Proverbs & Short Articles


I would much rather see affection without intelligence, than intelligence without affection. The former is real, and its defect is much easier to remedy.

In terms of fellowship, I do not believe Scripture ever sanctions  you and I sitting down contentedly with the imperfect situation in which we find ourselves.

Job was not only able to say “blessed be the name of Jehovah!” in relation to “Jehovah gave” but also in relation to “Jehovah hath taken away” (Job 1: 21).

The argument that it is difficult to understand certain concepts of divine revelation without using terms not found in the Bible is not persuasive. It is tantamount to denying the all–sufficiency of Scripture.

Spiritual insularity and spiritual poverty go hand in hand. It is with “all the saints” that we are “fully able to apprehend” (Eph. 3: 18, my emphasis).

The Gospel is not a question of trying but trusting, not of doing but done.  

As being in Christ, we are the visible display of God’s righteousness (see 2 Cor. 5: 21)—that God has been righteous in saving us.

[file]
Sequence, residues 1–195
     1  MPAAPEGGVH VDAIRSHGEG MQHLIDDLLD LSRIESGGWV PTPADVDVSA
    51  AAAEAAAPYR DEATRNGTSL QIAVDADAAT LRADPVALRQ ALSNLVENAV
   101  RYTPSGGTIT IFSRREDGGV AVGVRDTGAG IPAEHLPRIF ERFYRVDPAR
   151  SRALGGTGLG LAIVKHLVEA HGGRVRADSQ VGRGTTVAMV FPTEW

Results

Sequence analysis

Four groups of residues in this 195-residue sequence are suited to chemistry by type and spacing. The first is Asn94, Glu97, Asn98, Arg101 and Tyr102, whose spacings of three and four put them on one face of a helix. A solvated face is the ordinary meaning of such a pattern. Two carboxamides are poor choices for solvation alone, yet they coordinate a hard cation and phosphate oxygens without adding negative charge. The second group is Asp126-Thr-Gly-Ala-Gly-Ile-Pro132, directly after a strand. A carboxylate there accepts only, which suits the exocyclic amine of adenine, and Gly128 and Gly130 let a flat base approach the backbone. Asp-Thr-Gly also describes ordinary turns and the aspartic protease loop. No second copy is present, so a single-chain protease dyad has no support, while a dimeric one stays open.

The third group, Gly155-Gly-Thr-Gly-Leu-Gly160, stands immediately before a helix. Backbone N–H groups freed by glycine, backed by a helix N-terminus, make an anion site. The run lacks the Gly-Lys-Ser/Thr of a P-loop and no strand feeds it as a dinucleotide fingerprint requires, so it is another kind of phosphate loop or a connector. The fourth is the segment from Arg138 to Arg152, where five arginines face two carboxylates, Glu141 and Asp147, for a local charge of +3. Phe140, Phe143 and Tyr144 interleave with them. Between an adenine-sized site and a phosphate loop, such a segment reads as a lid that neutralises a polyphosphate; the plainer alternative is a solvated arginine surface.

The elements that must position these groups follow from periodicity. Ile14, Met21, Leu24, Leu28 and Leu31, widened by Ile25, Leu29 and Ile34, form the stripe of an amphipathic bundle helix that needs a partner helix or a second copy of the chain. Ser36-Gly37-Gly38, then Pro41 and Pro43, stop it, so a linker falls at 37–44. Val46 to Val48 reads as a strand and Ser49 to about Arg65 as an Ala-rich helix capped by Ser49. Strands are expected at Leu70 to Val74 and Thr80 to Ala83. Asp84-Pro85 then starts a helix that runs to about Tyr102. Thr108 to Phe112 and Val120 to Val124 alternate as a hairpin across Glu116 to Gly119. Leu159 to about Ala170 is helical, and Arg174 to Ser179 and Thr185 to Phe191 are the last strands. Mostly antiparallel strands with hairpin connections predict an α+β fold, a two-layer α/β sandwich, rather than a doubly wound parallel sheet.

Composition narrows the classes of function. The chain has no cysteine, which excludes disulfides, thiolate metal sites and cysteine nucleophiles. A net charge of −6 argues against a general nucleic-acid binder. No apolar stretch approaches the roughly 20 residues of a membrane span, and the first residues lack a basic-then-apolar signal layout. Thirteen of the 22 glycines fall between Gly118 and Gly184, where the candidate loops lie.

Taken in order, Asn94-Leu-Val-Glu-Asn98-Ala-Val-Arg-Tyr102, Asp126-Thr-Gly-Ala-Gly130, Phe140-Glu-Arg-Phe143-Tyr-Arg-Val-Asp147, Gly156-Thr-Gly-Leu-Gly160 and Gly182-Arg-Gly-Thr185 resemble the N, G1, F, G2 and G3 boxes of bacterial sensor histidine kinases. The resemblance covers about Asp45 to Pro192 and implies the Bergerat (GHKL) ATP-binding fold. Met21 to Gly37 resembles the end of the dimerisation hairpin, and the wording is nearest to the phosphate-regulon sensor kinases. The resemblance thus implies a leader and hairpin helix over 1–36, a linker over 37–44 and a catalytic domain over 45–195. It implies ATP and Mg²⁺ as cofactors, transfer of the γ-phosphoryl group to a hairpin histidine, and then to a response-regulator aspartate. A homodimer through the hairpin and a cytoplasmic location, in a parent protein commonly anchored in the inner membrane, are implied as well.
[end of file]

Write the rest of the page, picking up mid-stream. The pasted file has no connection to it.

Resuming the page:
Righteousness is reckoned to the believer on account of his faith in what God had said (Rom. 4: 5). This is not a question of transferring from God or Christ a quantity of righteousness as some teach, like the transfer of funds from one bank account to another. If that were the case then what would be credit to the one, would clearly be debit to the other, and God would be less righteous than before! As always, Scripture must be its own interpreter. In Romans 2: 26, the uncircumcised are reckoned as circumcised. The same word is used as in Rom. 4: 5. It is simply that a man is reckoned to be what he is not. Thus God reckons him who is not righteous to be righteous—He “justifies the ungodly” (Rom. 4: 5).